The majority of modern interviewing is competency based, with technical questions also used. The interviewer is looking for specific examples of achievements in certain tasks. Prepare for the interview by trying to anticipate the type of questions you may be asked and prepare your answers. When talking about your achievements be clear and precise but cover all the key points. Rely on work based examples to demonstrate your point and back up your response to questions raised. The interviewer will then be able to relate to specific work based examples used to emphasise your point. Be open and honest with the interviewer, this is crucial in establishing trust and rapport.
Do not get drawn into discussing an issue that you cannot substantiate. If you have mentioned a project or particular achievement on your CV, there is a good chance you will be asked to expand on it during the interview. This is a great opportunity to shine, so be prepared, use handouts if you feel they are going to assist in getting your point across. Make sure you know every sentence on your CV and can explain your responsibilities and achievements in all of your previous roles. One technique used by interviewers is to pick through your CV asking ad hock questions, so be prepared for this, and be able to expand upon the information contained in the CV.
Remember, Food Industry businesses are commercial enterprises, so if you can explain details of how you saved your current employer a substantial amount of money, your perceived 'value' will increase. Try and always mention the financial 'payback' enjoyed by the company on projects or work you have completed. This will increase your credibility with the interviewer and ensure you will be viewed as an asset rather than a cost.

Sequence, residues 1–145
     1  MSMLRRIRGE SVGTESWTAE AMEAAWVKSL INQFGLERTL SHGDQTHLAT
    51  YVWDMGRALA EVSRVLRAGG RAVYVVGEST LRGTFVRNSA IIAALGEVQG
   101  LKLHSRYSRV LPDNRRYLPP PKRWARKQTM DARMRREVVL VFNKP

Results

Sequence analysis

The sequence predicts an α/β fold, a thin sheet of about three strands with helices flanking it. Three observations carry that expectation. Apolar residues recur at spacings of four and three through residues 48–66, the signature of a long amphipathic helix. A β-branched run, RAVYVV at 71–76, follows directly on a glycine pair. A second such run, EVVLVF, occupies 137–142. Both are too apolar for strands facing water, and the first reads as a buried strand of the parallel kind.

Think about your audience. A Human Resources Manager may be more interested in your cultural fit than your technical competency, so lead your answers into demonstrating that the company culture matches your personality. The Head of a functional department may be more interested in your technical competency so adjust your answers accordingly and demonstrate your technical competency with relevant work based examples. Senior candidates are rarely selected on the basis of one interview so prepare thoroughly for follow up interviews. Don't relax too much on a second or even third interview, subsequent interviews may be more relaxed but you are still being assessed.
Ask questions, the interview is a two-way process. Keep your questions relevant to the role and the company and don't ask too many questions at a first interview. Think of several potential questions before the interview, and as some of these may be covered during the interview, you may have three or four questions left to ask at the end of the interview. Remain positive even if you are not sure you want the job. As the interview progresses and the more you get to know about the role/company you may change your mind and decide you do want the position after all. Do not ask about the salary and benefits at a first interview, it looks like you are more interested in the rewards rather than the role. Wait for the interviewer to bring up the subject of salary, unless it has still not been discussed by the end of the second interview.
At the end of the interview ask the interviewer if there are any points they wish you to clarify, or do they have any reservations with regard to your application. If the interviewer voices any concerns this will be your only opportunity to respond to these concerns and put the interviewers mind at rest. Follow up the interview with an email thanking the interviewer for the meeting. You can also use this as an opportunity to emphasise any points you felt you answered poorly during the interview, but keep any email brief and business like.